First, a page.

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Employee Benefits Security Administration

Fact Sheet

Final Regulation Improving Workers' Access to Multiemployer Retirement Plan Information

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U.S. Department of Labor
Employee Benefits Security Administration
February 26, 2010

The Pension Protection Act of 2006 amended the Employee Retirement Income Security Act of 1974 (ERISA) by adding a new section 101(k) to increase transparency with respect to multiemployer retirement plan operations. The Department of Labor is publishing a final regulation that will increase pension plan transparency by ensuring that workers will have greater access to information about the operation and financial health of their multiemployer defined benefit and defined contribution (e.g., 401(k)) pension plans, enhancing retirement security and supporting the Secretary of Labor’s good jobs for everyone policy.


  • The Department’s Employee Benefits Security Administration (EBSA) is responsible for administering and enforcing the fiduciary, reporting, and disclosure provisions of Title I of ERISA. EBSA oversees approximately 708,000 private pension plans, including approximately 659,000 defined contribution plans and approximately 49,000 defined benefit plans, and millions of private health and welfare plans that are subject to ERISA.

  • The rule is expected to impact about 1,500 multiemployer defined benefit plans with 9.7 million participants and beneficiaries and about 1,500 multiemployer defined contribution plans with 3.7 million participants and beneficiaries.

  • A multiemployer plan generally is a plan to which more than one employer is required to contribute and which is maintained pursuant to one or more collective bargaining agreements between one or more employee organizations and more than one employer.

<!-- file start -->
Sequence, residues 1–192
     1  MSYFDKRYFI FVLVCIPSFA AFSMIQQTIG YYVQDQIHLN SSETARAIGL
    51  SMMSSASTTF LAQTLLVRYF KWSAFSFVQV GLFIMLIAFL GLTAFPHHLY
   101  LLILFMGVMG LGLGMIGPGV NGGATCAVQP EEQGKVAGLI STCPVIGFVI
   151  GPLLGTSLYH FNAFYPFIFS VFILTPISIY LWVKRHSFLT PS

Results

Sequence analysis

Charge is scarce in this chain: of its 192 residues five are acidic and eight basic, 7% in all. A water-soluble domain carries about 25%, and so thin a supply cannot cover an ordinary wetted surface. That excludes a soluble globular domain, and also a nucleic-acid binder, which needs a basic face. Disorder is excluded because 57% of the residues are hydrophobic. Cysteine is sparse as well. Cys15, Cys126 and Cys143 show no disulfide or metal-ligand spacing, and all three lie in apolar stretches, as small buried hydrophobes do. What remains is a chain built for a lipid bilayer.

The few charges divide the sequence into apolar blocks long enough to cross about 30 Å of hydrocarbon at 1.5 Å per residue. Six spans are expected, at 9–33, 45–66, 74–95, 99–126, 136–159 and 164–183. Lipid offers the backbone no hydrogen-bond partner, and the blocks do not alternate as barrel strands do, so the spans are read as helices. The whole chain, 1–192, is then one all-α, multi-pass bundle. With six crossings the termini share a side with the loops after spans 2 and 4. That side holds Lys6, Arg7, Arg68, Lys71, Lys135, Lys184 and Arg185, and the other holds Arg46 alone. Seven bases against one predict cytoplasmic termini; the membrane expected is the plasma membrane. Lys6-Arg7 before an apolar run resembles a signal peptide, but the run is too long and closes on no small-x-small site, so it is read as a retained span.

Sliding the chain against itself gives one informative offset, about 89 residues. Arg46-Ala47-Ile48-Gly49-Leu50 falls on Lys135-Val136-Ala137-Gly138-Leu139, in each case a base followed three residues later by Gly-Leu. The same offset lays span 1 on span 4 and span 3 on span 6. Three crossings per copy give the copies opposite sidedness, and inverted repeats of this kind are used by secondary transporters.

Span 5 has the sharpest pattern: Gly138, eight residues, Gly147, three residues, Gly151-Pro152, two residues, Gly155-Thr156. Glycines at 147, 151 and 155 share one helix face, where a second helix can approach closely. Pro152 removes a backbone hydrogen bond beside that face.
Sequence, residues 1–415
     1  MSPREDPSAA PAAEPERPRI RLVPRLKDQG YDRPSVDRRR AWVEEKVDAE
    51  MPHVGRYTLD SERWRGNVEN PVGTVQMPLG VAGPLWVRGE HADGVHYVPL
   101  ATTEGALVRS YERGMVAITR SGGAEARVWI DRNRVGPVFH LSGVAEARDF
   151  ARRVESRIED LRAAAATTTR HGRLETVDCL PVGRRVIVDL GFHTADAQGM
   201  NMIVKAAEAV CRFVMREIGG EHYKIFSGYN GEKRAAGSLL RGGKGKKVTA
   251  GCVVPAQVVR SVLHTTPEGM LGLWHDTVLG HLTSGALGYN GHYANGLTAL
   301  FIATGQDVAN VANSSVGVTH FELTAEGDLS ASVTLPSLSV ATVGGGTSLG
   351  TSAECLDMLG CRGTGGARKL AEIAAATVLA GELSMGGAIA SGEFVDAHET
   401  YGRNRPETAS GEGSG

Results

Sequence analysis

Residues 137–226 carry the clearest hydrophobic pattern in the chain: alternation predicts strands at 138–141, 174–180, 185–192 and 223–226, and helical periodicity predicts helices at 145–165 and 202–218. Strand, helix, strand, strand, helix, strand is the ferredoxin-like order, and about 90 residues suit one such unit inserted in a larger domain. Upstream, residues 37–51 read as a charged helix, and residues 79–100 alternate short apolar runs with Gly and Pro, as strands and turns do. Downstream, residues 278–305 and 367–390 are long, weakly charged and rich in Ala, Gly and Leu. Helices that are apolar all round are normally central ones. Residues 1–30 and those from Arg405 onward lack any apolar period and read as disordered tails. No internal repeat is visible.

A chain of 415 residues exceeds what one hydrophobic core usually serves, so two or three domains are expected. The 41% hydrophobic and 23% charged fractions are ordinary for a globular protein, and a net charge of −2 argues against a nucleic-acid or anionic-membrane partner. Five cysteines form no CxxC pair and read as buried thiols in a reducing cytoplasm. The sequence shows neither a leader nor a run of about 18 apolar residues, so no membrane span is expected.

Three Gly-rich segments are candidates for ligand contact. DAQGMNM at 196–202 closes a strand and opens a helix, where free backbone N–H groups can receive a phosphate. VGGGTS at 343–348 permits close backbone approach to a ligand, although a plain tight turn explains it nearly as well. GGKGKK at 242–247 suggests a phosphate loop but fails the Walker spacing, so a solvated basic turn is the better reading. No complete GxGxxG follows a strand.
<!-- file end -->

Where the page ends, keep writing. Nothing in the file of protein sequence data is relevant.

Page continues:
• On September 14, 2007, the Department published a proposed regulation under section 101(k) of ERISA with a request for public comment.

  • The Department received four comment letters. These comment letters are available for public inspection at

Overview of Final Regulation

  • The regulation requires the administrator of a multiemployer pension plan, on the written request of any plan participant, beneficiary, employee representative (e.g., union), or any employer that has an obligation to contribute to the plan, to furnish copies of requested financial and actuarial reports of the plan.

  • The documents that are required to be furnished are:

    • Periodic actuarial reports.

    • Quarterly, semi-annual, or annual financial reports.

    • Certain applications filed with the Secretary of the Treasury and related determinations (amortization extensions).

  • A plan administrator must furnish the requested documents within 30 days from the request. The Secretary of Labor may assess a civil penalty against any person of up to $1,000 a day for each violation by any person of section 101(k). A plan is not required to provide more than one copy of any document during any one 12-month period. A plan may impose a reasonable charge on the requester to cover the cost of copying and mailing a document.

  • The cost of the final rule is expected to total approximately $2.4 million in the year of implementation (2009 dollars), $2.1 million in the second year, and $1.7 million in the third year. The ten-year total discounted cost of the rule is $15.7 million.

Benefits of Final Regulation

The increased transparency resulting from this regulation will provide participants, beneficiaries, employee representatives, and contributing employers with a greater opportunity to monitor their plans’ funding and financial status and to take appropriate action when necessary. It also may help create a greater sense of accountability to plan participants and beneficiaries on the part of plan officials.

This fact sheet has been developed by the U.S. Department of Labor, Employee Benefits Security Administration, Washington, DC 20210. It will be made available in alternate formats upon request: Voice phone: 202.693.8664; TTY: 202.501.3911. In addition, the information in this fact sheet constitutes a small entity compliance guide for purposes of the Small Business Regulatory Enforcement Fairness Act of 1996.